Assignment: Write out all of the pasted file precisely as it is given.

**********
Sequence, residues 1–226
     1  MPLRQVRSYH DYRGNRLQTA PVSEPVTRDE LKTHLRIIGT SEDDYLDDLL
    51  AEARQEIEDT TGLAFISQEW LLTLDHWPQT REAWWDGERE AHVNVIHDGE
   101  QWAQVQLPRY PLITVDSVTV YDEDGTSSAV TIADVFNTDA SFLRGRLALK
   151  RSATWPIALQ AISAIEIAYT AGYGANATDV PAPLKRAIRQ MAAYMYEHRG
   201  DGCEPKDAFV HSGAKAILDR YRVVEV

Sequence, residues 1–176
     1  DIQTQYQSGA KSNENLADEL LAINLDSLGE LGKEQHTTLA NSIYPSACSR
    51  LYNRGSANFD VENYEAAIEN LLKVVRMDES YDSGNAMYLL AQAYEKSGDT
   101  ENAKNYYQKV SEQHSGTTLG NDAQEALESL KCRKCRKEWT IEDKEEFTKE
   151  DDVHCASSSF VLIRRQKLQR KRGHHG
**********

Sequence, residues 1–226
     1  MPLRQVRSYH DYRGNRLQTA PVSEPVTRDE LKTHLRIIGT SEDDYLDDLL
    51  AEARQEIEDT TGLAFISQEW LLTLDHWPQT REAWWDGERE AHVNVIHDGE
   101  QWAQVQLPRY PLITVDSVTV YDEDGTSSAV TIADVFNTDA SFLRGRLALK
   151  RSATWPIALQ AISAIEIAYT AGYGANATDV PAPLKRAIRQ MAAYMYEHRG
   201  DGCEPKDAFV HSGAKAILDR YRVVEV

Sequence, residues 1–176
     1  DIQTQYQSGA KSNENLADEL LAINLDSLGE LGKEQHTTLA NSIYPSACSR
    51  LYNRGSANFD VENYEAAIEN LLKVVRMDES YDSGNAMYLL AQAYEKSGDT
   101  ENAKNYYQKV SEQHSGTTLG NDAQEALESL KCRKCRKEWT IEDKEEFTKE
   151  DDVHCASSSF VLIRRQKLQR KRGHHG